While the orchestra at the foot of the stage played an introduction, a machine projected an image of the Premier onto a gigantic silver screen. The audience gasped. A new movie. The Premier had made a new movie.
While the Premier spoke, an electric spotlight shone on each of the vehicles lined up in front of the stage, starting first with a motorcycle, followed by an auto-rickshaw, a passenger car, a light truck, the jeep Tanya had arrived in, and two racing cars. The racing cars, one with red stripes, the other blue, were the main event.
The climax to the evening’s festivities was a race to Tar Island and back. The two contenders in this race were the military secrets Tanya’s husband Keelut had been working on. Tanya looked for her husband on the stage, but didn’t see him. He was probably at his garage doing some last minute tinkering.
While the master of ceremonies announced the race, a gaunt man with a military haircut and civilian suit stepped out of the pack of dignitaries crowding the stage. The gaunt man’ progress was illuminated by the main spotlight. Tanya recognized him as General Brightbottom’s Patron – a former General who now worked at a munitions conglomerate. He lithely jumped off the stage and landed immediately beside the blue car. As he jumped, his tie was blown behind his head by a strong gust of wind. Some of the pitch torches went out.
The General shook the hand of the the driver of the blue car, who wore a denim jacket and navy blue jeans. The blue driver’s hair was cut in a military fashion. The driver of the red car wore a thick, red leather jacket and white chaps. Her kinky dark hair was too long for the military. The General kissed her on the cheek, and then raised the starting flag.
A gust of wind blew the starting flag down before anyone was ready.
The General raised the starting flag again. The drivers’ revved their engines.
There was a precipitous drop in air pressure. Without thinking, Tanya ducked under her chair. As she did so, the stage in front of her was flattened by a wall of wind. The silver screen crumbled as it blew away.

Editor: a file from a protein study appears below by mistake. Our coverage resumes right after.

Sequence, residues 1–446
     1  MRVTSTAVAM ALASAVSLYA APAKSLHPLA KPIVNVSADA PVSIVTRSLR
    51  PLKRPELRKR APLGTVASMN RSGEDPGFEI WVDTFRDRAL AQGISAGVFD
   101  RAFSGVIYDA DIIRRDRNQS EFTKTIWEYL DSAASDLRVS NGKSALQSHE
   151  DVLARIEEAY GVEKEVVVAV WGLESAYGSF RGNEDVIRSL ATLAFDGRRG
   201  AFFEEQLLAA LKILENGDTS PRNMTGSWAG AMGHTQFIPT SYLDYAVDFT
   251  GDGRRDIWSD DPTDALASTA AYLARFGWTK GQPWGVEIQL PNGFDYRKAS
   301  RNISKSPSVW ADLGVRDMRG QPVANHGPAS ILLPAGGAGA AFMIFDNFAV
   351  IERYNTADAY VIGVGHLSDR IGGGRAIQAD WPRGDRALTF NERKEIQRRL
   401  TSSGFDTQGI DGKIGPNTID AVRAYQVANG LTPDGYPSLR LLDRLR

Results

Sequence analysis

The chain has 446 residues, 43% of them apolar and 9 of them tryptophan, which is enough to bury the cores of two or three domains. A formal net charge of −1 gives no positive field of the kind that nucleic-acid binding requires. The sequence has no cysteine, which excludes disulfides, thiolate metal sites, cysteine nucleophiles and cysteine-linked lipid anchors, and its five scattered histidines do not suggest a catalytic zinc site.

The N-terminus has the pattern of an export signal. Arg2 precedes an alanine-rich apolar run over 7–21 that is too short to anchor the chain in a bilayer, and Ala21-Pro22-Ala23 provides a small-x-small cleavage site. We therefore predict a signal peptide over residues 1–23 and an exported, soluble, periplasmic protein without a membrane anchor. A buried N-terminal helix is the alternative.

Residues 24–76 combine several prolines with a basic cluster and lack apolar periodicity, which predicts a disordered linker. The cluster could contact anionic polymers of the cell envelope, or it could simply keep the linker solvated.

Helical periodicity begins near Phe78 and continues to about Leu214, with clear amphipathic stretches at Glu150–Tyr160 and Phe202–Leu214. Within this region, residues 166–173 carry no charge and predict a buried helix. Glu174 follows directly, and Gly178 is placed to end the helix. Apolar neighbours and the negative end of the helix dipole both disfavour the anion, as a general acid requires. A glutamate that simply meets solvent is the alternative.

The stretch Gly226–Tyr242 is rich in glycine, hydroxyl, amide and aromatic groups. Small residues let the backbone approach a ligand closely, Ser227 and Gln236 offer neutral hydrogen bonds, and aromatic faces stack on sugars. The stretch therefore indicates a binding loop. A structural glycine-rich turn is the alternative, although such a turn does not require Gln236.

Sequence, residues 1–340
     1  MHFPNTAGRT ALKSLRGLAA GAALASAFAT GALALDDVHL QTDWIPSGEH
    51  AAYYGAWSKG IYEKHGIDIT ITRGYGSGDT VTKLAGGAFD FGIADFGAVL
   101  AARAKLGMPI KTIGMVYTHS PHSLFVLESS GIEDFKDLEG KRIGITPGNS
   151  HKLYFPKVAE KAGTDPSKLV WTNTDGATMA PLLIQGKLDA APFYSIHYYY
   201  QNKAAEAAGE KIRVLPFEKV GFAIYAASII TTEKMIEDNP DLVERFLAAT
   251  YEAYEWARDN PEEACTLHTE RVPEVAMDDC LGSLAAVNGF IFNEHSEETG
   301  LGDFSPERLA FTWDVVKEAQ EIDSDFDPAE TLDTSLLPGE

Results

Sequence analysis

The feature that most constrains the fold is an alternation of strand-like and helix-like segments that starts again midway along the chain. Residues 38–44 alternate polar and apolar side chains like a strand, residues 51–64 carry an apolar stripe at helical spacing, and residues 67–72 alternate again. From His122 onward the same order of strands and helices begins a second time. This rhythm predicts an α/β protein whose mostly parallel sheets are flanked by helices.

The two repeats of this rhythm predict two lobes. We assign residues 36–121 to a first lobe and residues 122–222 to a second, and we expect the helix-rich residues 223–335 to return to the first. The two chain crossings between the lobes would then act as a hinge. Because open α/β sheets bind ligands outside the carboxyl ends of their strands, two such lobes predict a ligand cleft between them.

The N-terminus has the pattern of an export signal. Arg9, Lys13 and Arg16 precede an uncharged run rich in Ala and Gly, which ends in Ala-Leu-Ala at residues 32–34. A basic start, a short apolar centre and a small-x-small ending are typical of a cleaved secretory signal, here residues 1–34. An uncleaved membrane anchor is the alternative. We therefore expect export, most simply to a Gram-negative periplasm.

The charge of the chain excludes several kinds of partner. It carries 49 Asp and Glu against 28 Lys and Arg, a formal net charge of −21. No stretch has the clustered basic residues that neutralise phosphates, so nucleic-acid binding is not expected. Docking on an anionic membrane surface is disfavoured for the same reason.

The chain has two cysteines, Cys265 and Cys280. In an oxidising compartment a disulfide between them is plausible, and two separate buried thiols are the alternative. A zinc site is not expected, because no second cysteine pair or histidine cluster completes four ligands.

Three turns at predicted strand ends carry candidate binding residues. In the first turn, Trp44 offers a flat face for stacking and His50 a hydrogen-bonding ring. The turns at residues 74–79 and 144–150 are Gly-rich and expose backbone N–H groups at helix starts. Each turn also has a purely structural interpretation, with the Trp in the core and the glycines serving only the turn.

Tanya lay down longer than she needed to: the freak wind storm quickly passed. When she rose, she did so cautiously.
The stage was a dark hole, except for where the powerful hand torches of the rescue crews shone. The damage from the storm was localized. It ended just before the highway. The new cars were covered in dust, but otherwise unscathed. The bleachers across the street from the stage, where Tanya was, were not affected at all.
The sound of a revving engine pierced the air.
The driver of the blue car, the military man, had never left his post. He was ready to race. The wheels of his car were spinning and spinning while he revved his engine. He was impatient for an opponent.
A crowd of people began chanting, “Where is the red driver?”
A man removed the starting flag from the corpse of the retired General. He leaped onto the first row of seats in the bleachers. The applause was almost as loud as the blue car’s revving engine.
Tanya watched as the people around her turned away from the damage, like a past they wanted to forget. They drifted over to the starting line, or stood on the bleachers, trying to get a better view. Some were cheering, others looked on with slightly dazed expressions. Only a few people had died; the crowd was quite large.
There was a tremendous cheer when the driver of the red car appeared. Her white chaps were stained blood red. Word got around that a shard of wood had nearly pierced her femoral artery.
The crowd was now louder than the revving engine of the blue car.
An ambulance alarm pierced the air. The crowd roared louder still.
The red driver opened her car’s door, even though one young man passionately begged her to turn back. When the man’s hands touched the red driver, they became bloody. The red driver was indomitable. She entered her car and turned on its engine.
The crowd roared its loudest yet, but the sound of two car engines revving was louder still.
While the cars’ wheels spun, a last round of bets was made. It was all about the red driver: some people thought she was too injured, while others thought she had spirit. Some bettors argued that she had something to prove.
The cars’ wheels kept spinning.
The man with the starting flag lowered it.
The cars raced through the debris that cluttered the newly paved highway.